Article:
Stress Leave

A co-worker is off on stress leave, but I am suspicious.  I think he is just taking a paid vacation.  I want to share my concerns with somebody: would you recommend I speak to his supervisor (our boss)?
Stress is a significant factor in today’s workplace and, in fact, many experts believe more people are experiencing stress than even a decade ago.

Some statistics suggest that up to 40 per cent of workers believe their job is very stressful.  In addition, about a quarter of the people in one survey feel their job is the greatest stressor.

We spend so much time of our waking life on the job that it is not surprising that so much of our stress originates there.  Our employment gives us regular compensation, security, and relationships with many colleagues – it is precious to us.

We all know people who are unprepared for the strains of life.  A traumatic situation suddenly presents itself and the result can be extremely self-absorbed behavior.  The impact on individuals varies dramatically.

In the case of the co-worker who has selected to stay off work, he may be experiencing genuine stress and is not emotionally capable of performing his work responsibilities.

He could have opted to take stress leave – which is no doubt a recognized HR category for time off – because he sincerely believes he cannot function at this time in the workplace.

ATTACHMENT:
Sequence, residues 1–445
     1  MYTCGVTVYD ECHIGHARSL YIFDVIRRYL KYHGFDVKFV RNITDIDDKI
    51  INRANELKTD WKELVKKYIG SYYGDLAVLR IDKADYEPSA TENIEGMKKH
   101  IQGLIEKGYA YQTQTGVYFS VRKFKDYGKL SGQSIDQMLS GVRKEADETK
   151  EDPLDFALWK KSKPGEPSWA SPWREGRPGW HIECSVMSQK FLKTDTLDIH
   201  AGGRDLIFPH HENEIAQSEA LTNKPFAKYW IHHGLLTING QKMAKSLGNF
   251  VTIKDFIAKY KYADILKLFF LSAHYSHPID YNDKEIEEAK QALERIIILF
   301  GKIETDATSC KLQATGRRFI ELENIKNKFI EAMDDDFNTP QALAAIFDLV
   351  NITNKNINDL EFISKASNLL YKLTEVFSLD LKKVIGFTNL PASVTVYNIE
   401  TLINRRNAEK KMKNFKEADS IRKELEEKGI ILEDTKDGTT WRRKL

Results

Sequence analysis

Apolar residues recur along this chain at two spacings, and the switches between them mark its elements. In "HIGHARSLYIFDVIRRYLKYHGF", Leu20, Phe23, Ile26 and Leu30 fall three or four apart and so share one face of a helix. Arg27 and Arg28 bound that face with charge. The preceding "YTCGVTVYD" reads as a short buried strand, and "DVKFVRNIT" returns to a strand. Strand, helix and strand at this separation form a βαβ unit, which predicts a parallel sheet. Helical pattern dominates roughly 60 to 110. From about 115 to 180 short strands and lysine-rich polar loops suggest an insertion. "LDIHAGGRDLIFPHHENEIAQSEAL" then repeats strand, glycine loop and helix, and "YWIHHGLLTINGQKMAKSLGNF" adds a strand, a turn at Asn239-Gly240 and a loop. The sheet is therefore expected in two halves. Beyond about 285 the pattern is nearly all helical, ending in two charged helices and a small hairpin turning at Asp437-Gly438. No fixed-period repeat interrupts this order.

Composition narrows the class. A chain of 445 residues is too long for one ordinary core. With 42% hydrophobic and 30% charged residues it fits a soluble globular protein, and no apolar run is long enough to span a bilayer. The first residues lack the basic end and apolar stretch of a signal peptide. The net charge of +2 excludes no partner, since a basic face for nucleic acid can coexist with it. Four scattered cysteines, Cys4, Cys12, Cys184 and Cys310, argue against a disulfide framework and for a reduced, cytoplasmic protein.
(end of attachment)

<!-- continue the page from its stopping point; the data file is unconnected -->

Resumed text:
He might even be afraid he could “blow up” and act in such a manner that would be embarrassing for himself and others: this would be especially relevant should he have any customer contact.

Stress leave, then, can be a legitimate reason to be excused from work although if it is taken somewhat regularly, there could be a greater concern that will need to be addressed by management.

You are suspicious of this employee’s behavior, I would suggest your attitude to him probably transcends his absence; perhaps you and he are not collegial and there may be a mutual lack of respect.

In addition, if you have little regard for his work performance, you will see his stress leave as another example of a lower work ethic.  This will be particularly relevant if you have been required to assume some of his responsibilities.

I’d recommend you give him the benefit of the doubt, at least if his absence is an isolated occurrence.  If he is genuinely stressed out, it would be good to show him so understanding and welcome him back when he returns.

He might be simulating some of the characteristics of stress, but he still may be unable to perform at an acceptable level at this time.  Don’t mention your concerns to others – which could become gossip – and instead focus on your duties and be prepared to be sympathetic once he is back on the job.

Submit your confidential questions relating to work and office life to Simon through our contact page.

Leave a Reply